In the wake of the arrest of Everard’s killer, much of the discussion online revolved around a fringe proposal brought up by one of the House of Lord’s only two Green Party members — Baroness Jones suggested a 6pm curfew on men in the UK. The proposal was quickly dismissed by those across the political spectrum.
Watching the discussion around Everard’s murder begin to revolve around this untenable, undesirable and unpopular proposal made me frustrated in a way that caught me off guard. I did not agree with the proposal and I did not feel any desire to defend it, so why was the sight of my Twitter feed being filled with people laughing off this proposal making me angry?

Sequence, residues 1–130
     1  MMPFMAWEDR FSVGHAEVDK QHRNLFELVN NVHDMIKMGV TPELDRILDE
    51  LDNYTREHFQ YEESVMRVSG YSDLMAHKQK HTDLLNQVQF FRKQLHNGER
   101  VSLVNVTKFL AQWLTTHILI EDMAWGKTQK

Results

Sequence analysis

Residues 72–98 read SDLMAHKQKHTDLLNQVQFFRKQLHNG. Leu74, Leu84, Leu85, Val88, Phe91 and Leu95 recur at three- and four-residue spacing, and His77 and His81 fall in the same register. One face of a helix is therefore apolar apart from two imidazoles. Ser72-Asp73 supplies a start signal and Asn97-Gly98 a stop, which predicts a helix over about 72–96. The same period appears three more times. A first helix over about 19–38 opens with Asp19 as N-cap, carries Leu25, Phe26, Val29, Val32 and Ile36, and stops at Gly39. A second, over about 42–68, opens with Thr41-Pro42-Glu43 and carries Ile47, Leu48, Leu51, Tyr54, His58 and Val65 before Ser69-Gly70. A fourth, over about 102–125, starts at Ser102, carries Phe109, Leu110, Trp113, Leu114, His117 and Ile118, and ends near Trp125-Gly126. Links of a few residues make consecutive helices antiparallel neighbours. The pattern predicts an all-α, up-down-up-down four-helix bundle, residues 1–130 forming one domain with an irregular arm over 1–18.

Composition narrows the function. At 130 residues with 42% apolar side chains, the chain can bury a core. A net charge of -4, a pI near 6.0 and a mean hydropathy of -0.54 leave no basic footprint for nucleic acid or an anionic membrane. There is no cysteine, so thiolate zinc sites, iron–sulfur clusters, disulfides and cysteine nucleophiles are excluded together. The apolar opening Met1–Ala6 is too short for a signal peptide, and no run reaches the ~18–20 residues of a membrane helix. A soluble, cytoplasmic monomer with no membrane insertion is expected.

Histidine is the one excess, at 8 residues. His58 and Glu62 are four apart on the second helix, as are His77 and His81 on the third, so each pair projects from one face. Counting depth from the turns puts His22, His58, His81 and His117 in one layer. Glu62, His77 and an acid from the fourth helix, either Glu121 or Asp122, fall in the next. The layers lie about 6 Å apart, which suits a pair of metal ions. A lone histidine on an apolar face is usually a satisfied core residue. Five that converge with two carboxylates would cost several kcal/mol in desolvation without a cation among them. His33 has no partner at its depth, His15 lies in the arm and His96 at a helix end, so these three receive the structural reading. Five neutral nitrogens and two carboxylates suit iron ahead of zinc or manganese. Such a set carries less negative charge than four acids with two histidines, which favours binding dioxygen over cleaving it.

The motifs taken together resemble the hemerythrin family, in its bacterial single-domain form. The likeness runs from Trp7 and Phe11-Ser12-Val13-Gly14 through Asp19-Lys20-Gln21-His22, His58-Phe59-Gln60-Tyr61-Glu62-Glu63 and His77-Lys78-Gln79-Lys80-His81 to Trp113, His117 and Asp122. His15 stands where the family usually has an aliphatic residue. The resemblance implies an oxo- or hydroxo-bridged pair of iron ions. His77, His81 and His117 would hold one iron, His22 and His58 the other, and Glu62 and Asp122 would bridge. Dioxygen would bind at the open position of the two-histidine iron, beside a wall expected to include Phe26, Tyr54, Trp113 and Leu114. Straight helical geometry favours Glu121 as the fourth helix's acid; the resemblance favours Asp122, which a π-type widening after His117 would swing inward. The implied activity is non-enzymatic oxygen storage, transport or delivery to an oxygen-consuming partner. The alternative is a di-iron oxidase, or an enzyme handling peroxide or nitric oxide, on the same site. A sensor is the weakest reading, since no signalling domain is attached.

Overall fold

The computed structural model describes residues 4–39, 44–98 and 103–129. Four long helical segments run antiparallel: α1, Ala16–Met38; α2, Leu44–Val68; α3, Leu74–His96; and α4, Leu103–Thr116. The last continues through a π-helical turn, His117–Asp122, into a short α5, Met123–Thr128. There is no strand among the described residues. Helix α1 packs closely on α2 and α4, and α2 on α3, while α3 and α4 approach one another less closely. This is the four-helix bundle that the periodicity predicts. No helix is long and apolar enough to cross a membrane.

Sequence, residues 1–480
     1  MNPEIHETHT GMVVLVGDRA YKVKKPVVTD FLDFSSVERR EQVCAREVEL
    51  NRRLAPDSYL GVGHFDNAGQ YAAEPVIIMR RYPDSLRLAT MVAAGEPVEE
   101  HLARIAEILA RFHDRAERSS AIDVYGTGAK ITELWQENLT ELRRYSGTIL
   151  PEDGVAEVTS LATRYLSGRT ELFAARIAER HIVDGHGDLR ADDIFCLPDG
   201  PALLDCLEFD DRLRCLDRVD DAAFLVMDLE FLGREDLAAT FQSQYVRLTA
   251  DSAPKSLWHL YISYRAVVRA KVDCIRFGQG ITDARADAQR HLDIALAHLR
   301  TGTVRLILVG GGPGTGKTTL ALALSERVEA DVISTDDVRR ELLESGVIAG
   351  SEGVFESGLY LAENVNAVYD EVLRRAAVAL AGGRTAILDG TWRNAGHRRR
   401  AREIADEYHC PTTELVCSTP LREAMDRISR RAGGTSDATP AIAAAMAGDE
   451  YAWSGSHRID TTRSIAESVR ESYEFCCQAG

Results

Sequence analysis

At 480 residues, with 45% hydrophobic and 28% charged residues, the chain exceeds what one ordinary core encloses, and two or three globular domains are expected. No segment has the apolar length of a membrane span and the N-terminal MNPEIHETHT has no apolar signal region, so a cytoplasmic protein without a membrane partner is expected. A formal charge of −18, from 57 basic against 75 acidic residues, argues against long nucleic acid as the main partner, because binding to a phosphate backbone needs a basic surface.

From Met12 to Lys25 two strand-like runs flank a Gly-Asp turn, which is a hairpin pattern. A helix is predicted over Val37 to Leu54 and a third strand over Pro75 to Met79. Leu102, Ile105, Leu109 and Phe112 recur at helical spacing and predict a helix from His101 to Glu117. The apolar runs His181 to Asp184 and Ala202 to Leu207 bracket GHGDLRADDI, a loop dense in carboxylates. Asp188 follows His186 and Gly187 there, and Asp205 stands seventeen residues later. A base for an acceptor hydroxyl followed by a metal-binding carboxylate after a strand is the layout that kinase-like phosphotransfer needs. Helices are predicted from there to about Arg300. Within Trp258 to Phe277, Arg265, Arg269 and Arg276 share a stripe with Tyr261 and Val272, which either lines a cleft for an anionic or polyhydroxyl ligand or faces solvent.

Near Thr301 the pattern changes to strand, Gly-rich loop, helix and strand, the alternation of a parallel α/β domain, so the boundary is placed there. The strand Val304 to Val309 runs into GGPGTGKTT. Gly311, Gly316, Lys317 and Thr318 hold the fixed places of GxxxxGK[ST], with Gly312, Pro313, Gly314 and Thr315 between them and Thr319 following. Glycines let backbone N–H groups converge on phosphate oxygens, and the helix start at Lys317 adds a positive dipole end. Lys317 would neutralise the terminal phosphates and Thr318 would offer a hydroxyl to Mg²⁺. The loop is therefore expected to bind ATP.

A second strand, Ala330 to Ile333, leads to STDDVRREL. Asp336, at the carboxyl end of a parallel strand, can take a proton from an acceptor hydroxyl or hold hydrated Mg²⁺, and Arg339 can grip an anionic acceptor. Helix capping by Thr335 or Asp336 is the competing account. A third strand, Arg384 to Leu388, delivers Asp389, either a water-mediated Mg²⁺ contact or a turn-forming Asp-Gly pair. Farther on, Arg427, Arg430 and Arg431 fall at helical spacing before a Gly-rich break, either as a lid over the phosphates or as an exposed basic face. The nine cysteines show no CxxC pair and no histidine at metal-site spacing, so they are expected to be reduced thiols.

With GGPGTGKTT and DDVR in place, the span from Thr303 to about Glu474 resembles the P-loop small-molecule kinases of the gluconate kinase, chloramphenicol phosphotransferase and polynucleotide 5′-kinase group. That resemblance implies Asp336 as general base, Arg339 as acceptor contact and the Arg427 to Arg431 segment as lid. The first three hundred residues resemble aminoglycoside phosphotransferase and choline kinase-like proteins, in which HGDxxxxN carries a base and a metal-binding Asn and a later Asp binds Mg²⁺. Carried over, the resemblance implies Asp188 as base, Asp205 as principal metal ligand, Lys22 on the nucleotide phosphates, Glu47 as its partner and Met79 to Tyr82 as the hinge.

My hope for what will come out of Sarah Everard’s horrific ordeal is for change, for real justice; justice not just for Everard herself, but for all the women who are destined to become future-Sarah Everard’s if something doesn’t change
As I thought more about it, I realised the reasons for my response were multi-dimensional and actually had very little to do with the proposal itself. The sight of watching mostly men laugh off this policy and change the discussion from one about the very real dangers faced by women to one about some hypothetical, far-off, all-encompassing threat to men was infuriating. The dismissive tone employed felt viscerally inappropriate too; the proposal itself may be wrong-headed, but the feelings of desperation and angst behind it, and more importantly, behind (more generally) the fears of women across Britain are very real.